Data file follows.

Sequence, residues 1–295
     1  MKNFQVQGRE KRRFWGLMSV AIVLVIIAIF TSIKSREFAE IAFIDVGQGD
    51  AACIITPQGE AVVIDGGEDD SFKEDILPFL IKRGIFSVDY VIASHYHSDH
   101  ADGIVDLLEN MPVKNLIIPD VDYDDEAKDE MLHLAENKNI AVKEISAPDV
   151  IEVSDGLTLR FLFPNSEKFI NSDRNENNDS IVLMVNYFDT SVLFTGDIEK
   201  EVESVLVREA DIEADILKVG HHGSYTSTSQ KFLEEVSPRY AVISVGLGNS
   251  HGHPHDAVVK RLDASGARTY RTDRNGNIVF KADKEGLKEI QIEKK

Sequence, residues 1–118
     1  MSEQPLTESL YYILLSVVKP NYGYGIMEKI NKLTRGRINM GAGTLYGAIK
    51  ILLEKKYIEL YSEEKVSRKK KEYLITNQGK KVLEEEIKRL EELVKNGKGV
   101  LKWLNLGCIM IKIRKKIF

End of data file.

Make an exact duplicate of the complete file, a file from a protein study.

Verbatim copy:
Sequence, residues 1–295
     1  MKNFQVQGRE KRRFWGLMSV AIVLVIIAIF TSIKSREFAE IAFIDVGQGD
    51  AACIITPQGE AVVIDGGEDD SFKEDILPFL IKRGIFSVDY VIASHYHSDH
   101  ADGIVDLLEN MPVKNLIIPD VDYDDEAKDE MLHLAENKNI AVKEISAPDV
   151  IEVSDGLTLR FLFPNSEKFI NSDRNENNDS IVLMVNYFDT SVLFTGDIEK
   201  EVESVLVREA DIEADILKVG HHGSYTSTSQ KFLEEVSPRY AVISVGLGNS
   251  HGHPHDAVVK RLDASGARTY RTDRNGNIVF KADKEGLKEI QIEKK

Sequence, residues 1–118
     1  MSEQPLTESL YYILLSVVKP NYGYGIMEKI NKLTRGRINM GAGTLYGAIK
    51  ILLEKKYIEL YSEEKVSRKK KEYLITNQGK KVLEEEIKRL EELVKNGKGV
   101  LKWLNLGCIM IKIRKKIF